Dried thyme, parsley and oregano -about 1/2 teaspoon each
1/4 teaspoon ground Chipolte powder
Fresh ground Allspice- about 1/4 teaspoon
Salt and pepper

Mix the Mojo with the remaining ingredients. Marinate the pork chops in the Marinade all day or over night. Cook in a stove top skillet, browning lightly in a little olive oil. Remove and let cool to the touch. Shred the pork and add to the chipolte sauce (recipe follows). Use as a filling in tacos. I used store bought soft corn tortillas which I browned in a little olive oil. (You can also make homemade tortillas if you are ambitious- use Masa to make them.) Very spicy and delicious!

Chipolte Sauce

Canned fire roasted tomatoes - about 1/4 cup - chopped fine
About 2 tablespoons canned Chipolte in Adobe sauce - chopped fine
1 Tablespoon chopped onion
Olive oil for sauteing - about 1 teaspoon
Water - about 1/2  cup or so.
Salt and freshly ground pepper to taste.

Saute onion briefly in olive oil. Add tomatoes and chipolte in adobe sauce. Add a bit of water. Add shredded pork and stir to mix. Add enough water to sauce the meat lightly. The chipolte sauce is meant to season not drench the meat. Serve in corn tortillas, lightly browned in oil.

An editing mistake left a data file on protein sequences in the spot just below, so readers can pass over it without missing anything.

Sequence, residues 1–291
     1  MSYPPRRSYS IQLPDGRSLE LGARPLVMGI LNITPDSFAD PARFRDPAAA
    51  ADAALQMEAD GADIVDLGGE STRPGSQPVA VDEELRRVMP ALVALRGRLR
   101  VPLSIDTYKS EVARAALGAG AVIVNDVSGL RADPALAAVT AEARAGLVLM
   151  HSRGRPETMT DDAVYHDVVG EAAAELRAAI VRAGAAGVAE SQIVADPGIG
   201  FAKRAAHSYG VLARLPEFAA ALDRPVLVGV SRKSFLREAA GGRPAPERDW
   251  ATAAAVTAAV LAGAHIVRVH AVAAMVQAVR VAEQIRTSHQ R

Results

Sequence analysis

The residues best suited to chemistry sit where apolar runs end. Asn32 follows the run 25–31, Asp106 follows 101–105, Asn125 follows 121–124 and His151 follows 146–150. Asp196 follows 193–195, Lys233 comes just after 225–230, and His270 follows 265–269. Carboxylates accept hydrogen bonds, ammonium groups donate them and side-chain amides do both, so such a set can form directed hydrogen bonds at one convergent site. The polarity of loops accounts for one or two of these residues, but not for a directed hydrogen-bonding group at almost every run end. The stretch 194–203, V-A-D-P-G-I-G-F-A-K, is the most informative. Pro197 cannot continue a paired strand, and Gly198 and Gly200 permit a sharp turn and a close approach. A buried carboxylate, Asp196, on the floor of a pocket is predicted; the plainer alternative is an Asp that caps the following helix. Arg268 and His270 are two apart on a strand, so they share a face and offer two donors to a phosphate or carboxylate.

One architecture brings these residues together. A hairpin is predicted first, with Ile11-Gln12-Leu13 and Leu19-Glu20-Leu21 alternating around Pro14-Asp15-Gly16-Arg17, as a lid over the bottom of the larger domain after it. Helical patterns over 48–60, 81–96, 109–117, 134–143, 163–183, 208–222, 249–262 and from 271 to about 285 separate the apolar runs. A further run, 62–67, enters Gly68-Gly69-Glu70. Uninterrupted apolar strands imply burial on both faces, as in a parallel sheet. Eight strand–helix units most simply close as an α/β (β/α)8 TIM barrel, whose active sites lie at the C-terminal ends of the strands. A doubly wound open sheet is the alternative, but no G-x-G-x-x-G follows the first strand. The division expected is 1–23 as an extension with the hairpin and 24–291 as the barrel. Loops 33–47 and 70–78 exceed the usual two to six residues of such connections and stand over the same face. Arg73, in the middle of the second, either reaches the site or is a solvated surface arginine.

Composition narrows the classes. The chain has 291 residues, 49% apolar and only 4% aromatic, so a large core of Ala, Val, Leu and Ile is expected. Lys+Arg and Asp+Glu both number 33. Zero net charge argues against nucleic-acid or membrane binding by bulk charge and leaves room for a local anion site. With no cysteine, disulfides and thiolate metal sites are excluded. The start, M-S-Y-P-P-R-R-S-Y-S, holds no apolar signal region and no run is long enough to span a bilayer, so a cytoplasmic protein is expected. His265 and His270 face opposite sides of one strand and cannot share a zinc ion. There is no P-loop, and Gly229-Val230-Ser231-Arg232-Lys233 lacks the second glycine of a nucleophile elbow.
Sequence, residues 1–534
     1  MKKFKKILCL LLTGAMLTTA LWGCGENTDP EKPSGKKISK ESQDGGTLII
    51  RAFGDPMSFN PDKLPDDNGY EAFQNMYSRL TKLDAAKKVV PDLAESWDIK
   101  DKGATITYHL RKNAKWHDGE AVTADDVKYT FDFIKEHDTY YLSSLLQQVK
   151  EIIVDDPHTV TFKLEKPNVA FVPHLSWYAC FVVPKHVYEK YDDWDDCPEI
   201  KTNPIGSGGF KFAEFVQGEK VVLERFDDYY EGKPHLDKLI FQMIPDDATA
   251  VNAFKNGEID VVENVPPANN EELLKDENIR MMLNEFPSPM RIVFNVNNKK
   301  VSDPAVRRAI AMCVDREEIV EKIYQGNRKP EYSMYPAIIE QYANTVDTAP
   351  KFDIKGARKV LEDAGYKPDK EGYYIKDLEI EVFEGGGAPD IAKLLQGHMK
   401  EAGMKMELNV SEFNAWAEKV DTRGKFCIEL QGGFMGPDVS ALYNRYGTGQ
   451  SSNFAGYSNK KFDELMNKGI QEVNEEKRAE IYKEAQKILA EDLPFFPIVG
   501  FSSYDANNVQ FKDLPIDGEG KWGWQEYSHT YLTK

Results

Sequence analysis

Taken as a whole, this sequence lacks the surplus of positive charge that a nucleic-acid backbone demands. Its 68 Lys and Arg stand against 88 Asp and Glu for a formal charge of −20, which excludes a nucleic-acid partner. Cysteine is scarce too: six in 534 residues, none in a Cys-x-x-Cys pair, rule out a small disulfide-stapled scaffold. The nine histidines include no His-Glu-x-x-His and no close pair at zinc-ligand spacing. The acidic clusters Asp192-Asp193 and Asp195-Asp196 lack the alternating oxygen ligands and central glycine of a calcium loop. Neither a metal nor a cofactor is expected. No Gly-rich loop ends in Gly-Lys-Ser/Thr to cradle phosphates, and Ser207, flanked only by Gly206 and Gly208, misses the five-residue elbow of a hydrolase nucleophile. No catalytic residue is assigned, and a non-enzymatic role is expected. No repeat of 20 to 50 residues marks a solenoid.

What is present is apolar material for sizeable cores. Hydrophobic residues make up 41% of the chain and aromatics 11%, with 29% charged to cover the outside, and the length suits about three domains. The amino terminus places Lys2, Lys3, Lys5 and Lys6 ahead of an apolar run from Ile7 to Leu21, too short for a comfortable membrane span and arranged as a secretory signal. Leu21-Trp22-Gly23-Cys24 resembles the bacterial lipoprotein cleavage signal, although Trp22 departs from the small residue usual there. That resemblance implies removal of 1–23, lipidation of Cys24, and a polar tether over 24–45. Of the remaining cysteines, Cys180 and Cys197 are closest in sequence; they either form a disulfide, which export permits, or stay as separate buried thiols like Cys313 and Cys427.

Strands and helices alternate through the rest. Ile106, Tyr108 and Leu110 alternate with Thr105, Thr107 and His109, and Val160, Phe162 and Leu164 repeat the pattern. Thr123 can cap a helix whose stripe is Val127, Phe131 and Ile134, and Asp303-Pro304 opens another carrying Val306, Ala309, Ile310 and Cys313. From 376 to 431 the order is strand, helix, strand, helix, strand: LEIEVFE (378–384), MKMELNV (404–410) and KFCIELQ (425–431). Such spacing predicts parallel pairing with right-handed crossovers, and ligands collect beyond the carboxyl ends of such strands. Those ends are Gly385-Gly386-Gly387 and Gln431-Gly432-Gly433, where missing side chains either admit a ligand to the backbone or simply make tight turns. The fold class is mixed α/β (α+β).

Shredded lettuce (I used Romaine)
Pico de Gallo (recipe follows)
Sour cream
Queso Blanco or Feta cheese, crumbled
Sauteed onions and peppers *

*( I sauteed a mixture of red and sweet onions, red and green bell peppers with a sliced garlic clove in olive oil with salt and pepper) Remove to a bowl and proceed with the pork chops in the same pan.

Pico de Gallo (Rooster's Beak)

Chopped red onion - 1/4 cup
Chopped plum or ripe and juicy tomato about 1/2 cup
1-3 Serrano peppers, seeded, deveined and minced